Register Thursday | June 27 | 2019

Profiles in Discouragement

Filmmaker Mark Achbar is exhausted

I first met Mark Achbar in April at Bily Kun, a Montreal bar adorned with ostrich heads. The decor gives you the distinct feeling of being submerged in the sand: the ostriches watch you, grinning knowingly at the wilful ignorance that has brought you into their subterranean refuge. It was a fitting place to meet a filmmaker whose thought-provoking documentary The Corporation was crafted with the intention of yanking your head from the sand and showing you a world that has been hidden from view.

Since his film premiered in Vancouver this winter, Achbar has been touring around the continent. He admits that the schedule is hectic and that he’s getting a bit numb; it’s difficult to keep his presentation fresh, to keep offering new answers to the same questions. Sixteen thousand volunteers have registered online to spread the word, and the film has inspired a number of activists and groups. Achbar receives about ninety emails each day, conducts countless interviews and visits premieres and events all over North America.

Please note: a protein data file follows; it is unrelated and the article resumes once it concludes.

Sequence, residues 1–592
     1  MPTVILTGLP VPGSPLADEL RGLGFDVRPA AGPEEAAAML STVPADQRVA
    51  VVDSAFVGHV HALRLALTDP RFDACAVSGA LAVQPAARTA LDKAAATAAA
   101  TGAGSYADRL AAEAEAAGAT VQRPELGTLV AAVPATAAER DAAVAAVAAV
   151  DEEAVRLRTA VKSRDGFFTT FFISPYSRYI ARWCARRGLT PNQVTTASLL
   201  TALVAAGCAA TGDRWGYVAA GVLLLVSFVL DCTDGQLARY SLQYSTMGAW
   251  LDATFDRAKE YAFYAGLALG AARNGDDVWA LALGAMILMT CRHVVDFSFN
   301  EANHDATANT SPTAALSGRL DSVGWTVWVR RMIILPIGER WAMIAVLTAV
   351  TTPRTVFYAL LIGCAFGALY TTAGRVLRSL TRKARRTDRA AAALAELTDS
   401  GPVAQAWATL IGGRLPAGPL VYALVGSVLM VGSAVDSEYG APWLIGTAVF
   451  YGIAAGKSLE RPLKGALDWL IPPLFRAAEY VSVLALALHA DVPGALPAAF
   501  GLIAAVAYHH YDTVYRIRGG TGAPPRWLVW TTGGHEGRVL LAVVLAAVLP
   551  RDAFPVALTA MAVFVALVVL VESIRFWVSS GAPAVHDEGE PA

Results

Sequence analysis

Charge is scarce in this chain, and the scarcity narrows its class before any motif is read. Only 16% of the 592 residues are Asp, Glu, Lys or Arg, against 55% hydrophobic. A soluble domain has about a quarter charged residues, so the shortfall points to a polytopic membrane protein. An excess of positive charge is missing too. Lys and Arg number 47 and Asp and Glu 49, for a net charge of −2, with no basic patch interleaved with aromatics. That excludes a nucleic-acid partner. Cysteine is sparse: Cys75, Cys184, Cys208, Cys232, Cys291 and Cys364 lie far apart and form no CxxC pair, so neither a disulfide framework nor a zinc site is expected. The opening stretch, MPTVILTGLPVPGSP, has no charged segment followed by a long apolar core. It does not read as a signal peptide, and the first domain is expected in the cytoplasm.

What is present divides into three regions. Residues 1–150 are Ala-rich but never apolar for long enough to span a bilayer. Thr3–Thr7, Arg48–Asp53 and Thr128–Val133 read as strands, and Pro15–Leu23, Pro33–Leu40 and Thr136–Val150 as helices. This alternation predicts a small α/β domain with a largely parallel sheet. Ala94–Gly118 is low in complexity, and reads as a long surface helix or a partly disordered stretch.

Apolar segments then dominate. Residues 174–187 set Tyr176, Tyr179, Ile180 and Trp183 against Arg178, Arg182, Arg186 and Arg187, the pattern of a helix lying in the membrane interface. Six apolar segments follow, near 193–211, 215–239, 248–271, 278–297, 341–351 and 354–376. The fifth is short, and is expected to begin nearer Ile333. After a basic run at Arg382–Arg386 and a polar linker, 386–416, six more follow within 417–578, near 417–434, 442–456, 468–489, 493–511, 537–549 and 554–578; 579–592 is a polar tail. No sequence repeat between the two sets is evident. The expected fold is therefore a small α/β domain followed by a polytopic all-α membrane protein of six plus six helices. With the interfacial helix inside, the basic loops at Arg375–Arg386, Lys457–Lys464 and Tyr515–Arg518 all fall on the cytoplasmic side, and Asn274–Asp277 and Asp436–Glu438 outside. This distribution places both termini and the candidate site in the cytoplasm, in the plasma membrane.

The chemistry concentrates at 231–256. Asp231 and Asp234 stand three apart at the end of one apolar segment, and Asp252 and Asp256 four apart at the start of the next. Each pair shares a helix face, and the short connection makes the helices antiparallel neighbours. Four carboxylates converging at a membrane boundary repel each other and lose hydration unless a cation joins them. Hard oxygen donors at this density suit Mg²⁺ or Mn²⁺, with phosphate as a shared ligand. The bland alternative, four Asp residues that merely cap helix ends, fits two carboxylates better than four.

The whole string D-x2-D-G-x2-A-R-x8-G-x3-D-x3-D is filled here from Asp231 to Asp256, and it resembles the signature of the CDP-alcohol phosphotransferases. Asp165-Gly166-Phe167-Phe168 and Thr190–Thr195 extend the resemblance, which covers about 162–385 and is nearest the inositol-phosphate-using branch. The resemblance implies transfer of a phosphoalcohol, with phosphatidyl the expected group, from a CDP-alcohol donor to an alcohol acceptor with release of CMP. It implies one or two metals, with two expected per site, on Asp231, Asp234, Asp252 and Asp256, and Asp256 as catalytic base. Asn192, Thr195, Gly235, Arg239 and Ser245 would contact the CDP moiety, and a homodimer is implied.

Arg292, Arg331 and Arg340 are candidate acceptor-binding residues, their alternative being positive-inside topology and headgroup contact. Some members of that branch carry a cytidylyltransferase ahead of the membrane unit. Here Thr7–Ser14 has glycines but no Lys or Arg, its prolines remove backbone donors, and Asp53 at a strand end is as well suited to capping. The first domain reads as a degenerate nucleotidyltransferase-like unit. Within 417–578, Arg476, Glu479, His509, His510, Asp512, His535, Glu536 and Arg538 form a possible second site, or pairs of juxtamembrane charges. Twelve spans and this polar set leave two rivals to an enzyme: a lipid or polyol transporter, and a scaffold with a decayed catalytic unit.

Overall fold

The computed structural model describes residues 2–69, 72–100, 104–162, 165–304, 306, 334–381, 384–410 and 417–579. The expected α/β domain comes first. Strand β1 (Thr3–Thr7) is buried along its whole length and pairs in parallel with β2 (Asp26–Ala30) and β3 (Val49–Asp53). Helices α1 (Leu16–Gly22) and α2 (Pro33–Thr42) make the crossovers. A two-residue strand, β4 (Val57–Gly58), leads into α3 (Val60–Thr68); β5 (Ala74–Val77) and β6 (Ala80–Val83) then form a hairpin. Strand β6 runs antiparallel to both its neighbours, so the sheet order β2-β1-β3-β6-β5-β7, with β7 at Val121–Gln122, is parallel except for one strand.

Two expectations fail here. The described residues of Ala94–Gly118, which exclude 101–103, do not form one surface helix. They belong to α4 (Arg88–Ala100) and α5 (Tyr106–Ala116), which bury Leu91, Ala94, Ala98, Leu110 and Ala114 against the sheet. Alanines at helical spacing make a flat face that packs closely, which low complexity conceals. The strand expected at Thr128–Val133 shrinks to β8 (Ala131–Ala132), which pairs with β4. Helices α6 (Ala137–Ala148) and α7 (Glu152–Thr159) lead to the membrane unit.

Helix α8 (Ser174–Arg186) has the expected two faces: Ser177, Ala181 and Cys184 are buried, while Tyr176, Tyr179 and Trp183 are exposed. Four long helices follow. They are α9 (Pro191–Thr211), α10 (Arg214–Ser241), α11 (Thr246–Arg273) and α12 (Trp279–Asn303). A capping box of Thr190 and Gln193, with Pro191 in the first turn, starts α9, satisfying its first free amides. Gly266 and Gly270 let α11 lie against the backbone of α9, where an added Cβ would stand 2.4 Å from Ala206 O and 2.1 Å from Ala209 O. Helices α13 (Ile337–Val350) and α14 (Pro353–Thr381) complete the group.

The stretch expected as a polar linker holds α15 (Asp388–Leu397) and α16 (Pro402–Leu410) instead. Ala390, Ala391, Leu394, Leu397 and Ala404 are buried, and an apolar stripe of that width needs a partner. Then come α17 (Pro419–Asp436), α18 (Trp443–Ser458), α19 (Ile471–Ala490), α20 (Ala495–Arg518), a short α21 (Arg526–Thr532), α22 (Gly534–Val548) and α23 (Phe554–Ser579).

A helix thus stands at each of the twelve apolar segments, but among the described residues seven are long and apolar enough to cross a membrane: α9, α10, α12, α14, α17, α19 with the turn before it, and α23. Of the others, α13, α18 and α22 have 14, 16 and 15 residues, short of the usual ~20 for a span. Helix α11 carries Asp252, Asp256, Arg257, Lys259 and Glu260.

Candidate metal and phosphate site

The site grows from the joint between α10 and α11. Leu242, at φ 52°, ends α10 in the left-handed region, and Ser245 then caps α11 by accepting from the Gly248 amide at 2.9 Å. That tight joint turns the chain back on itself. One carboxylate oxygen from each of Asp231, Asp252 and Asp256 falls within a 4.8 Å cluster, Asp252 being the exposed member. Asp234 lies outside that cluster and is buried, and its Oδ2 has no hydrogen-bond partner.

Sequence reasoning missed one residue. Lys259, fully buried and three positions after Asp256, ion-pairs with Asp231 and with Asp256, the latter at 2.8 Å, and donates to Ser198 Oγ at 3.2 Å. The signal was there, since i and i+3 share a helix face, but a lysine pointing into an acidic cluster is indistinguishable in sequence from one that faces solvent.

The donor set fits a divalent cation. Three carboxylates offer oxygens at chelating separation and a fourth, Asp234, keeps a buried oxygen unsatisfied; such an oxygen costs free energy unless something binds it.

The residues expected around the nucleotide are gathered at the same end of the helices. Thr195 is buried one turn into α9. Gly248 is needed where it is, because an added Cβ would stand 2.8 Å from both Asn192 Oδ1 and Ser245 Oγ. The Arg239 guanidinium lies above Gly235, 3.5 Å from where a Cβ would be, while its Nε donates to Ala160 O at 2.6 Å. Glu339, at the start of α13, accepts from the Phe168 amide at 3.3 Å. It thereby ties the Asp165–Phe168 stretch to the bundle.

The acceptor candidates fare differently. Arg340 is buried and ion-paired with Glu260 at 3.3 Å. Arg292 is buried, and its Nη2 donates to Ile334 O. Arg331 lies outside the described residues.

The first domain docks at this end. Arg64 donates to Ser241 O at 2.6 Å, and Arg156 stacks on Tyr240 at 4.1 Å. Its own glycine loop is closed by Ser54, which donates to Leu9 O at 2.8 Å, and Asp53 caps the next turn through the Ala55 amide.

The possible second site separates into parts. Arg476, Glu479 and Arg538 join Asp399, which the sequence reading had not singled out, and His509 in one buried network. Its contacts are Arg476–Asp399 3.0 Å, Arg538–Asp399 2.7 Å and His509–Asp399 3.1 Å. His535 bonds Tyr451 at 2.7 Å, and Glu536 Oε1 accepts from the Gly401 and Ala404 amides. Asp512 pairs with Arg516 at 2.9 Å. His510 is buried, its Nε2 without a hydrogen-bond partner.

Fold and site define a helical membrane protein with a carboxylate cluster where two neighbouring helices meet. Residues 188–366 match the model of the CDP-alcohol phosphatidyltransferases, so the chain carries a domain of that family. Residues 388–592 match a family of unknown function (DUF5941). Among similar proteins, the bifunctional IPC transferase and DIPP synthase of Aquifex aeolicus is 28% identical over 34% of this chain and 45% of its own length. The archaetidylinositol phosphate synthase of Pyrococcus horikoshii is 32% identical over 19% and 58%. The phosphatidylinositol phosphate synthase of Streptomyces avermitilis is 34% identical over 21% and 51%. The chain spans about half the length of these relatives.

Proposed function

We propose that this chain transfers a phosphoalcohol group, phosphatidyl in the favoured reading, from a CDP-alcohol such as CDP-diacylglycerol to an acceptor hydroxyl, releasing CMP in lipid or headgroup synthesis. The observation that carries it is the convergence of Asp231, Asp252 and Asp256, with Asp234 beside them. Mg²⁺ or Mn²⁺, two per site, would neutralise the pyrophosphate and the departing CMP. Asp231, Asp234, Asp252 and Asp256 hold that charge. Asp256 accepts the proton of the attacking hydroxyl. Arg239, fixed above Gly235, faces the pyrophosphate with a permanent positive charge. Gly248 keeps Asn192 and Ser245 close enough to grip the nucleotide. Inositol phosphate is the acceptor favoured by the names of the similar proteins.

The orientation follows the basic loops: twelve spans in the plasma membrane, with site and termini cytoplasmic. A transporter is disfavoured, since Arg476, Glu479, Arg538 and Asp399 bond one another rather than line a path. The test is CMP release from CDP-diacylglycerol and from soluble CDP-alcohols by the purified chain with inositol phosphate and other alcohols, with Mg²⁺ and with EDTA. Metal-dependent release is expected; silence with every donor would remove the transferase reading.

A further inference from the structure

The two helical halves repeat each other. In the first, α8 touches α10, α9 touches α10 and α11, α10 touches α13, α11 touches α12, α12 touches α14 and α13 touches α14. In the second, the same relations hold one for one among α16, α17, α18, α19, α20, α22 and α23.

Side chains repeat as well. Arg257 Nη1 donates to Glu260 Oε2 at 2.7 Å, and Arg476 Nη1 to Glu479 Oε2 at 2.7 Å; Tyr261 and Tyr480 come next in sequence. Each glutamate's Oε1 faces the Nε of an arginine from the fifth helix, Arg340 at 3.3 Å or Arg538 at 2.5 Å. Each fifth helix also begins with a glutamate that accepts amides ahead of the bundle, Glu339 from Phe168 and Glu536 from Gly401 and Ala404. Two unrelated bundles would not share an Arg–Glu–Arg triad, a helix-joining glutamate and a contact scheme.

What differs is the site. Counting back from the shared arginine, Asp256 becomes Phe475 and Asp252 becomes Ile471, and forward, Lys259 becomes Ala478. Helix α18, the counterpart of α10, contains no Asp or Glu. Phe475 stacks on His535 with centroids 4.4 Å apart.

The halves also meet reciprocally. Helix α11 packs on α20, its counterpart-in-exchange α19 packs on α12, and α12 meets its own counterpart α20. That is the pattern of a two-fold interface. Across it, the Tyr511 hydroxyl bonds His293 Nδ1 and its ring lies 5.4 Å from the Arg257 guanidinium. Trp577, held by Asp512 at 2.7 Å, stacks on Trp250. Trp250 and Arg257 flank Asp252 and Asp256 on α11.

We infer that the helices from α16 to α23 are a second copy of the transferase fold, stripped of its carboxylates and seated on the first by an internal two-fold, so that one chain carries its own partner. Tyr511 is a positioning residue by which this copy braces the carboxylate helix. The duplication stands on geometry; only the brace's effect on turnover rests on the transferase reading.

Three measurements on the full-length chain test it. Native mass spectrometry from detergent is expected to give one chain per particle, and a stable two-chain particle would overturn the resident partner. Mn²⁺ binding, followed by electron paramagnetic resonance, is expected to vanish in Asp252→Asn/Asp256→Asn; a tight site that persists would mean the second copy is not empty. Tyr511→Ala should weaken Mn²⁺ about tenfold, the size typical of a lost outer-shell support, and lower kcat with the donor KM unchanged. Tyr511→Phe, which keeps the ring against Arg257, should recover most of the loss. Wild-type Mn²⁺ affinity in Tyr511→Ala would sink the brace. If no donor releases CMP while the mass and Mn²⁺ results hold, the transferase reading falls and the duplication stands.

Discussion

I ask him how he unwinds.

“I do psychedelics with friends and I go to raves,” he says blankly.

“That’s how you keep sane?”

“Oh, for sure.”

This part of his life is a relatively new phase, something that has cropped up since he began work on this last film. His current drug of choice is ayahuasca, a hallucinogenic South American brew of leaves and vines.

“It’s just not comparable to anything, it just is what it is,” he says. “It gives you access to your own life experience and also—there’s really no way to explain it—to another dimension in a way that really lets you come to terms with a lot of things in your life in a very forgiving, compassionate, constructive kind of way.”

After all the work he’s done researching, creating and promoting this new movie, it would appear that he could use a little time with his own head in the sand.

“I’m trying to get to the point where my mind is blank,” he sighs exhaustedly. “I don’t want any more ideas.”

The Corporation has won audience choice awards at festivals worldwide, including  the Sundance Film Festival, and was voted one of Canada’s Top Ten films of 2003 by the Toronto International Film Festival Group. It is the highest grossing feature documentary in Canadian history, breaking the record previously held by Achbar’s 1992 film, Manufacturing Consent.